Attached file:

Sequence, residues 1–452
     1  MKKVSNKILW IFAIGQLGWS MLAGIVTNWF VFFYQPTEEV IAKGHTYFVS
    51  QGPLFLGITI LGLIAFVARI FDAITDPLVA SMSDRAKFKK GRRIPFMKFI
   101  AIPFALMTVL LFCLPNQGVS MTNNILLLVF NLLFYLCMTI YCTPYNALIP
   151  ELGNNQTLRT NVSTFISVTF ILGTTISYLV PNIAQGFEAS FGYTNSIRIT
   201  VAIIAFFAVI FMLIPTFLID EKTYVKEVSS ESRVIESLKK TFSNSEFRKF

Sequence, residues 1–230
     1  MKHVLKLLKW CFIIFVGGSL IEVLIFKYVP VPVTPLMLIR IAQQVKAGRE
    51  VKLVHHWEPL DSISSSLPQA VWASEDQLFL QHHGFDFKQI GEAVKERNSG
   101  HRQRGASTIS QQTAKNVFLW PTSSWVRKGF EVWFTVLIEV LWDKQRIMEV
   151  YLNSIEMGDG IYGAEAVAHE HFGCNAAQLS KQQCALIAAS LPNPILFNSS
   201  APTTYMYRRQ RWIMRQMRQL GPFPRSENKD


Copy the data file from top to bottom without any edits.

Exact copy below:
Sequence, residues 1–452
     1  MKKVSNKILW IFAIGQLGWS MLAGIVTNWF VFFYQPTEEV IAKGHTYFVS
    51  QGPLFLGITI LGLIAFVARI FDAITDPLVA SMSDRAKFKK GRRIPFMKFI
   101  AIPFALMTVL LFCLPNQGVS MTNNILLLVF NLLFYLCMTI YCTPYNALIP
   151  ELGNNQTLRT NVSTFISVTF ILGTTISYLV PNIAQGFEAS FGYTNSIRIT
   201  VAIIAFFAVI FMLIPTFLID EKTYVKEVSS ESRVIESLKK TFSNSEFRKF

Sequence, residues 1–230
     1  MKHVLKLLKW CFIIFVGGSL IEVLIFKYVP VPVTPLMLIR IAQQVKAGRE
    51  VKLVHHWEPL DSISSSLPQA VWASEDQLFL QHHGFDFKQI GEAVKERNSG
   101  HRQRGASTIS QQTAKNVFLW PTSSWVRKGF EVWFTVLIEV LWDKQRIMEV
   151  YLNSIEMGDG IYGAEAVAHE HFGCNAAQLS KQQCALIAAS LPNPILFNSS
   201  APTTYMYRRQ RWIMRQMRQL GPFPRSENKD